Review: For Women at High Risk of STIs, IUD Does Not Up Risk of PID

PID risk was assessed and compared among women with and without an IUD placed
PID risk was assessed and compared among women with and without an IUD placed

Among women with asymptomatic undiagnosed cervical infection or who are at high risk of sexually transmitted infections (STIs), intrauterine device (IUD) placement does not increase the risk of pelvic inflammatory disease (PID) compared with no IUD placement, a study published in Contraception has found.

Tara C. Jatlaoui and coauthors from the U.S. Centers for Disease Control and Prevention (CDC), Atlanta, GA, aimed to assess the risk of PID among women with asymptomatic undiagnosed cervical infection or who are at high risk of STIs vs. those who have a copper-bearing (Cu-) or levonorgestrel (LNG-) IUD placed with women who do not. Study quality was evaluated using the U.S. Preventive Services Task Force Evidence Grading System. 

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Of the resulting 2,220 articles, 10 met the inclusion criteria. Two studies showed a direct association of rates of PID in women with undiagnosed gonococcal or chlamydial (GC/CT) infection or at high risk for STIs initiating IUDs vs. other contraceptive methods (fair to poor) but neither study provided a difference; eight studies showed indirect evidence (fair to poor). One study cited no difference in rates of PID between women who intiated Cu vs. LNG IUDs.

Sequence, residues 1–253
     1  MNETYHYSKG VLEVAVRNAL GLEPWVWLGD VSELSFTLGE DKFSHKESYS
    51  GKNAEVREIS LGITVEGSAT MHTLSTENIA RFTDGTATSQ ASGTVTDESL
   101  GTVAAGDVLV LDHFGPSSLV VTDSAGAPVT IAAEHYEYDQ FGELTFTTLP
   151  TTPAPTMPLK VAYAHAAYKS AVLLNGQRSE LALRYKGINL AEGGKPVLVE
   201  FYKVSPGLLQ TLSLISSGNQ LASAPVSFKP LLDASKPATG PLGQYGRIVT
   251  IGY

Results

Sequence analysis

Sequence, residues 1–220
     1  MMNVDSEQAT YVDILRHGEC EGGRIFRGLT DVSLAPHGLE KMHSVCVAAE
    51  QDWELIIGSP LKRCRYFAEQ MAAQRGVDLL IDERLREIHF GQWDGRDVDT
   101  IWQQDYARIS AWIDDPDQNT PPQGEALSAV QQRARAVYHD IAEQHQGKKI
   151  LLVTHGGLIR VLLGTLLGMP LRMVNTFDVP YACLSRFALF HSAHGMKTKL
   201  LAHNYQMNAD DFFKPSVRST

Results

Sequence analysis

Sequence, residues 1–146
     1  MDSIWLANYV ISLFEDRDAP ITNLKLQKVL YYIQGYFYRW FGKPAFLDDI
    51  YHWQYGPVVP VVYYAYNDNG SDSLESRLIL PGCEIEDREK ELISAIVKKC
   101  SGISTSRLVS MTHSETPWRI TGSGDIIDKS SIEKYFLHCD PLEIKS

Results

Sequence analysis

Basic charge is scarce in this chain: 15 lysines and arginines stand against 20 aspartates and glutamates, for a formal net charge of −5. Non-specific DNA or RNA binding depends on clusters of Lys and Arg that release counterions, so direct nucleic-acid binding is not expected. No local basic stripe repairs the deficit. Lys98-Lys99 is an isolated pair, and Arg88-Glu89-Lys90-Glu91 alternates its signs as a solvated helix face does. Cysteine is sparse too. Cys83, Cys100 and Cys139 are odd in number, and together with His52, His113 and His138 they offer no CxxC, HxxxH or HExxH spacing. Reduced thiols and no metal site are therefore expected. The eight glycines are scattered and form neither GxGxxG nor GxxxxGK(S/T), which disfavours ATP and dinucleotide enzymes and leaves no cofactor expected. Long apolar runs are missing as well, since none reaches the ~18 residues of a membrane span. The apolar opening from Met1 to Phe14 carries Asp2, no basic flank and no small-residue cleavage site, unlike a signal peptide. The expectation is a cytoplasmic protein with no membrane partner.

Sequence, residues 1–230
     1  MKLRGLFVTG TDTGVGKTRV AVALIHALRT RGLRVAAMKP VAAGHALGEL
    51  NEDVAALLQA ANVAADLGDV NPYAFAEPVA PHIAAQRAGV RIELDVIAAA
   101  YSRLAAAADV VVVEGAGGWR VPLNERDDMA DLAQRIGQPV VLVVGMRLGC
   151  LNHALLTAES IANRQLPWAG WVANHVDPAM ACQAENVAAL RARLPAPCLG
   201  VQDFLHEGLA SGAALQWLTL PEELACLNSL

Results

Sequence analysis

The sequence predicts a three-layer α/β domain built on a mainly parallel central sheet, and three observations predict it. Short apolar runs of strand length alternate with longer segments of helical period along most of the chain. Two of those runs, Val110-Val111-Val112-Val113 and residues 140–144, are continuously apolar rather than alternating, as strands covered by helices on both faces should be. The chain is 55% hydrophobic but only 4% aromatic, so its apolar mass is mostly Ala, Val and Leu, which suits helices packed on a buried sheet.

Five studies compared algorithms based on patient factors with laboratory GC/CT screening to predict cervical infection. However, none of the algorithms adequately identified women at high risk of asymptomatic cervical infection who should not have an IUD placed. Moreover, no difference in PID rates was seen in two studies that compared IUD placement on the same day as STI screening with delayed placement after screening.

In general, limited data suggests that IUD placement does not increase the risk of PID compared with no IUD placement among the studied women. The algorithms based on patient characteristics "may be overly restrictive, leading to missed opportunities for IUD initiation," Jatlaoui noted. Concerns from the past about higher risk of PID among women at risk for STIs who use IUDs may not be relevant with new devices and STI screening and treatment practices, they concluded.

For more information visit contraceptionjournal.org.

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